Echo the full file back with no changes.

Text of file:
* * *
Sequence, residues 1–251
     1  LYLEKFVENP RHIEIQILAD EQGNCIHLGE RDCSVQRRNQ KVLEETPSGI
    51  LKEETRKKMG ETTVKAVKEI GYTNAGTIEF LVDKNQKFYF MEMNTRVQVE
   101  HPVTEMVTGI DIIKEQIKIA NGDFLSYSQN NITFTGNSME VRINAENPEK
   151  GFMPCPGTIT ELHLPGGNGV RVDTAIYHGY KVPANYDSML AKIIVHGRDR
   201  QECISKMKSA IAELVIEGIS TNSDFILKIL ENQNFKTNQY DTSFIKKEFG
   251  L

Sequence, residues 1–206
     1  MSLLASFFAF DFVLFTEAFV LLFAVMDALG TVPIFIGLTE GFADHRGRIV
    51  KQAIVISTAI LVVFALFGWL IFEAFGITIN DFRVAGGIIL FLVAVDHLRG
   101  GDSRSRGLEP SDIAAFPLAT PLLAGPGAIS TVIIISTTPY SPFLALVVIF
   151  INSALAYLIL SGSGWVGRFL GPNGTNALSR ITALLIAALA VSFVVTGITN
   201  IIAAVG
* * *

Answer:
Sequence, residues 1–251
     1  LYLEKFVENP RHIEIQILAD EQGNCIHLGE RDCSVQRRNQ KVLEETPSGI
    51  LKEETRKKMG ETTVKAVKEI GYTNAGTIEF LVDKNQKFYF MEMNTRVQVE
   101  HPVTEMVTGI DIIKEQIKIA NGDFLSYSQN NITFTGNSME VRINAENPEK
   151  GFMPCPGTIT ELHLPGGNGV RVDTAIYHGY KVPANYDSML AKIIVHGRDR
   201  QECISKMKSA IAELVIEGIS TNSDFILKIL ENQNFKTNQY DTSFIKKEFG
   251  L

Sequence, residues 1–206
     1  MSLLASFFAF DFVLFTEAFV LLFAVMDALG TVPIFIGLTE GFADHRGRIV
    51  KQAIVISTAI LVVFALFGWL IFEAFGITIN DFRVAGGIIL FLVAVDHLRG
   101  GDSRSRGLEP SDIAAFPLAT PLLAGPGAIS TVIIISTTPY SPFLALVVIF
   151  INSALAYLIL SGSGWVGRFL GPNGTNALSR ITALLIAALA VSFVVTGITN
   201  IIAAVG